The former MSNBC anchor has done interviews in anticipation of the relaunch of his news broadcast “Countdown,” which will premier June 20 on the Al Gore co-founded Current TV cable network. The program will broadcast at 8 p.m. ET from Olbermann’s new — and rather Spartan — offices near New York’s Chelsea district.
In an interview with The Hollywood Reporter, Olbermann said MSNBC did not decide until halfway through the now infamous, final January 21 broadcast that the anchor would be cut loose from his contract. His staff found out at that time as well.
On Tuesday, Olbermann told Terry Gross of NPR’s “Fresh Air” that he is an opinion journalist. As a result, he said, it was fine for him to make political contributions to three Democratic candidates in 2010. However, he said, he did not make the donations to support their politics, per se, because he doesn’t even vote.
Instead, the money was meant to help the three officials obtain personal security after they’d faced numerous death threats, Olbermann said. Arizona Rep. Gabrielle Giffords was one of the recipients. In January, she was shot in the head while making an appearance at a grocery store parking lot.
The 50-year-old prison inmate from Virginia, who has been diagnosed with gender identity disorder, has filed a federal lawsuit in an effort to become the first person to receive publicly funded gender reassignment surgery.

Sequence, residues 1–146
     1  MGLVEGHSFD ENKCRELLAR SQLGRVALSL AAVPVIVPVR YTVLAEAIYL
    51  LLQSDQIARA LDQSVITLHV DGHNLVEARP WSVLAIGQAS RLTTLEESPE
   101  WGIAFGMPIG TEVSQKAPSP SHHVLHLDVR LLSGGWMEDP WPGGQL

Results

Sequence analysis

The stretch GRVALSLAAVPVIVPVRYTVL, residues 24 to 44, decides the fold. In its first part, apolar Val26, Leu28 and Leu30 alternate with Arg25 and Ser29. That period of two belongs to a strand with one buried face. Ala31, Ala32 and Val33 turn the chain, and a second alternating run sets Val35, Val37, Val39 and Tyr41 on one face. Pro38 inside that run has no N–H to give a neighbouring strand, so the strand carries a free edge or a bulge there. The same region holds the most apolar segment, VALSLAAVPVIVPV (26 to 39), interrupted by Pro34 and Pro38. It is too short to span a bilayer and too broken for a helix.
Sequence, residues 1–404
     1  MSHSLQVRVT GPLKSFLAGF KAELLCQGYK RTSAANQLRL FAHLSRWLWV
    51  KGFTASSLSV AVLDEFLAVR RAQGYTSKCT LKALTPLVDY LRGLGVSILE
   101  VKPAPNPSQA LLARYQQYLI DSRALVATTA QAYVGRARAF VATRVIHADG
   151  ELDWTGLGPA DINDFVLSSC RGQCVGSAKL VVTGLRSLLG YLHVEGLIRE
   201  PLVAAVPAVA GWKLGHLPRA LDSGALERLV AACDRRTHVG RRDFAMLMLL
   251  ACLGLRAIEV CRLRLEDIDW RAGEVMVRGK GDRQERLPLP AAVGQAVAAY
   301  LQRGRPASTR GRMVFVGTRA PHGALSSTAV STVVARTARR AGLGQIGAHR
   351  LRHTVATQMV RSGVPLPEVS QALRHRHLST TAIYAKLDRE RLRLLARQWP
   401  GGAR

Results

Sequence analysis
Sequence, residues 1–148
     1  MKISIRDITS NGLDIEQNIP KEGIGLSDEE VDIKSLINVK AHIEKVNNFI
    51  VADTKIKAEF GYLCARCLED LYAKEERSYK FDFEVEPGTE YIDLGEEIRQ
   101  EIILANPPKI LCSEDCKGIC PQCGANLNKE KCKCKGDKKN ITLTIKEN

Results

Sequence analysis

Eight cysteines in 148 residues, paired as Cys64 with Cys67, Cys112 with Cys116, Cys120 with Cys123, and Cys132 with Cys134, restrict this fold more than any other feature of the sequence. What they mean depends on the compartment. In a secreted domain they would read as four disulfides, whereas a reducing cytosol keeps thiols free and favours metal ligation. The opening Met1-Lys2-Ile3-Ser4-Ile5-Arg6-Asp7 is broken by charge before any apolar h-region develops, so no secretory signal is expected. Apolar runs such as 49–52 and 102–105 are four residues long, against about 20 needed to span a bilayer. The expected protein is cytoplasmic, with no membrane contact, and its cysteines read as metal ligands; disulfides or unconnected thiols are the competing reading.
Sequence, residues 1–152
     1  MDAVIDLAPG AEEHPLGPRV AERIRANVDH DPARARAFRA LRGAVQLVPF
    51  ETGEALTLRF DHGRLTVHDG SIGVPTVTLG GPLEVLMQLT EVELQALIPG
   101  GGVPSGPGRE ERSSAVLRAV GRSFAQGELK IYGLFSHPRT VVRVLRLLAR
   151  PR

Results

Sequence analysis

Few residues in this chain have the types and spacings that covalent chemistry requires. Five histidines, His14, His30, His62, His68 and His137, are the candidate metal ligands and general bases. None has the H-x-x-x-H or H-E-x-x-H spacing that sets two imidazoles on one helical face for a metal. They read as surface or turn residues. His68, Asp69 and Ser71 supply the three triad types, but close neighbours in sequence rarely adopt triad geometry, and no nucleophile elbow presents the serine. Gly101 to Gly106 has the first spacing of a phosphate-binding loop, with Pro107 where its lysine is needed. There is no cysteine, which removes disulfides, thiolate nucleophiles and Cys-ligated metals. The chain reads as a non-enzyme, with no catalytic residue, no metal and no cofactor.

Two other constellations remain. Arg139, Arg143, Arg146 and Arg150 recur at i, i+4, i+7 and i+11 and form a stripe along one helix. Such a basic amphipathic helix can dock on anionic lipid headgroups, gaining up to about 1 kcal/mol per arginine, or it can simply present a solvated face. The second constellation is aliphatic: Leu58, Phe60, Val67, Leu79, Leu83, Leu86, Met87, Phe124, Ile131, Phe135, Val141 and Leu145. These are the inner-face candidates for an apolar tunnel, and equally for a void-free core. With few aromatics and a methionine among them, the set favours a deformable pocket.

De’lonta, born Michael Stokes, has been in prison since age 18 on various robbery, drugs and weapons charges. She filed the suit months after failing to castrate herself with a razor blade using information from mail-order anatomy books, the New York Daily News reported. In 2004, De’lonta won a court order to begin taking female hormones.
The 9-year-old boy from Philadelphia has worked with a local chiropractor to create an iPad application promoting back and neck care techniques that is now being sold via iTunes.
Andy Kirschner, a chiropractor based in Bala Cynwyd, Pennsylvania, started working with Jesse about a year ago to create the "Back Together" application. Jesse is the son of a friend of Kirschner’s, Philadelphia’s NBC affiliate reported.
Kirschner provided the boy with videos and documents to create the content. In turn, Jesse used several programs including Microsoft Publisher, Adobe Dreamweaver, Handbrake and Phonegap to develop the application.
“The app was really fun to produce,” said Jesse, who now intends to develop more applications.